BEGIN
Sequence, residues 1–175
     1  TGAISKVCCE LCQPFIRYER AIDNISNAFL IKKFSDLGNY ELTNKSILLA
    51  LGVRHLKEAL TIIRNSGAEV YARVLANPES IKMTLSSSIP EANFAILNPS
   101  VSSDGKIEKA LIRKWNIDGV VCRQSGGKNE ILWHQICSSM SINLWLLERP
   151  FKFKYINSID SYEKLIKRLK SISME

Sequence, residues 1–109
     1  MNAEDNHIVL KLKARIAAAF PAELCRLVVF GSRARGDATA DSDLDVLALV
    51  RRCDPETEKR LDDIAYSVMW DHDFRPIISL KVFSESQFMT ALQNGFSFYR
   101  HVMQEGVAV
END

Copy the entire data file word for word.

Sequence, residues 1–175
     1  TGAISKVCCE LCQPFIRYER AIDNISNAFL IKKFSDLGNY ELTNKSILLA
    51  LGVRHLKEAL TIIRNSGAEV YARVLANPES IKMTLSSSIP EANFAILNPS
   101  VSSDGKIEKA LIRKWNIDGV VCRQSGGKNE ILWHQICSSM SINLWLLERP
   151  FKFKYINSID SYEKLIKRLK SISME

Sequence, residues 1–109
     1  MNAEDNHIVL KLKARIAAAF PAELCRLVVF GSRARGDATA DSDLDVLALV
    51  RRCDPETEKR LDDIAYSVMW DHDFRPIISL KVFSESQFMT ALQNGFSFYR
   101  HVMQEGVAV